/**
 * Creates a new admin column on the custom post type listing screen that will display the slide shortcode.
 *
 * @since 1.0.0
 * @access public
 */
public function add_slide_columns( $columns ) {

	$columns['shortcode'] = __( 'Shortcode', 'monospace-slides' );
	
	return $columns;

}

/**
 * Displays the slide shortcode in an admin column called 'shortcode'.
 *
 * @since 1.0.0
 * @access public
 */
function add_slide_columns_content( $column, $post_id ){

	if ( 'shortcode' === $column ) {
		echo '[mnsp_slide id="' . $post_id . '"]';
	}

}

/**
 * Creates a new admin column on the custom taxonomy listing screen that will display the slider shortcode.
 *
 * @since 1.0.0
 * @access public
 */
public function add_slider_columns( $columns ) {

	$columns['shortcode'] = __( 'Shortcode', 'monospace-slides' );
	
	return $columns;

}

/**
 * Displays the slider shortcode in an admin column called 'shortcode'.
 *
 * @since 1.0.0
 * @access public
 */
function add_slider_columns_content( $content, $column_name, $term_id ){

	if ( 'shortcode' === $column_name ) {
		$content = '[mnsp_slider id="' . $term_id . '"]';
	}

	return $content;
}

The first two methods create and populate a column for the slide shortcode. The next two methods are similar but for the slider shortcode.

Next we’ll add some CSS and JS code for displaying a single slide. The code below will go in two files from the /public folder, as it loads only on the public facing side of the website. These files should already be present inside the plugin folder structure.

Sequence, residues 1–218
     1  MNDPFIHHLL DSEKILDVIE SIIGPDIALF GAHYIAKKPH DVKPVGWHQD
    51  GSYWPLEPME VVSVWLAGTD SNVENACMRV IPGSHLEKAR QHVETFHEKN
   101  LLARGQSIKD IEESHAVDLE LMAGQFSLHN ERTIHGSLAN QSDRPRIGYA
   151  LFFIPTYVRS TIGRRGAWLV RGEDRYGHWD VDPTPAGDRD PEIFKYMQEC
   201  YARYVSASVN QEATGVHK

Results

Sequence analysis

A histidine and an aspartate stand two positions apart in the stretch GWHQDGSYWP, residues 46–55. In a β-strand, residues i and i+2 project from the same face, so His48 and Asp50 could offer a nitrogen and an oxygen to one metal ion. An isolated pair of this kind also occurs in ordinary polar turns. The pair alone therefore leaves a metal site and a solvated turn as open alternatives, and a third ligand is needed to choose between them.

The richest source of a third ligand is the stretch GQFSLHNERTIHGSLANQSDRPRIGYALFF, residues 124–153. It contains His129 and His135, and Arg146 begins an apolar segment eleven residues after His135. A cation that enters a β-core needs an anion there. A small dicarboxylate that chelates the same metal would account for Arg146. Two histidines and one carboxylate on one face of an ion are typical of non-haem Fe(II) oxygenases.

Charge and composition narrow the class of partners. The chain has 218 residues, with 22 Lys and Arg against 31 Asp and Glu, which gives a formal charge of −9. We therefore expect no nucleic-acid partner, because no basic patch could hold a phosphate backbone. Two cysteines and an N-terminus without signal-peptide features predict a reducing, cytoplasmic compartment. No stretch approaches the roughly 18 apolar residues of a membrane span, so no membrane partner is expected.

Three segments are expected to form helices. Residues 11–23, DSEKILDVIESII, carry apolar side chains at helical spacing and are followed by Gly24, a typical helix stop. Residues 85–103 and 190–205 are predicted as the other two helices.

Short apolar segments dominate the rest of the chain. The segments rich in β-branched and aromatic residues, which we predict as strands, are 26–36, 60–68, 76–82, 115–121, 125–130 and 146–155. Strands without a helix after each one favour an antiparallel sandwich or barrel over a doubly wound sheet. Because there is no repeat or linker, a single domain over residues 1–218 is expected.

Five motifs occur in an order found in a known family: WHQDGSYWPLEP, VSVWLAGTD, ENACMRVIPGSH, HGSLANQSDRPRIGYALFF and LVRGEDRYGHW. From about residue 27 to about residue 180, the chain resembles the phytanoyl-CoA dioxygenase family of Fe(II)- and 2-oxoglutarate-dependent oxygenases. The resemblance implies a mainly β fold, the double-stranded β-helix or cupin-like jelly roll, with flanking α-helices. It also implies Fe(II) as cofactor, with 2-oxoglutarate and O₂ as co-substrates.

So, the CSS code below goes in /public/css/monospace-slides-public.css file. Put this code inslide the function that already exists in the file.

.mnsp-slide {
	position: relative;
	padding: 0 !important;
}

.mnsp-slide {
	display: flex;
	height: auto;
	justify-content: center;
	align-items: center;
	font-size: 1rem;
	overflow: hidden;
}

.mnsp-slide::before { /* for the aspect ratio functionality */
	content: "";
	width: 1px;
	margin-left: -1px;
	float: left;
	height: 0;
}

.mnsp-slide::after { /* to clear float */
	content: "";
	display: table;
	clear: both;
}

.mnsp-slide[data-mnsp-slide-horiz-align="left"] .mnsp-slide-caption {
	text-align: left;
}

.mnsp-slide[data-mnsp-slide-horiz-align="center"] .mnsp-slide-caption {
	text-align: center;
}

.mnsp-slide[data-mnsp-slide-horiz-align="right"] .mnsp-slide-caption {
	text-align: right;
}

.mnsp-slide-caption {
	position: relative;
	width: 100%;
	padding: 5vmin;
	z-index: 2000;
}

.mnsp-slide-image {
	max-width: 15%;
}

.mnsp-slide-title {
	font-size: 1.25em;
}

.mnsp-slide-subtitle {
	font-size: 1.1em;
}

.mnsp-slide .mnsp-slide-caption .mnsp-slide-cta,
.mnsp-slide .mnsp-slide-caption .mnsp-slide-cta:hover,
.mnsp-slide .mnsp-slide-caption .mnsp-slide-cta:focus,
.mnsp-slide .mnsp-slide-caption .mnsp-slide-cta:active {
	color: white;
	text-decoration: none;
	border: 0;
	box-shadow: none;
}

.mnsp-slide .mnsp-slide-caption .mnsp-slide-cta {
	display: inline-block;
	font-family: Raleway, "Open Sans", "Source Sans Pro", sans-serif;
	font-size: smaller;
	font-weight: bold;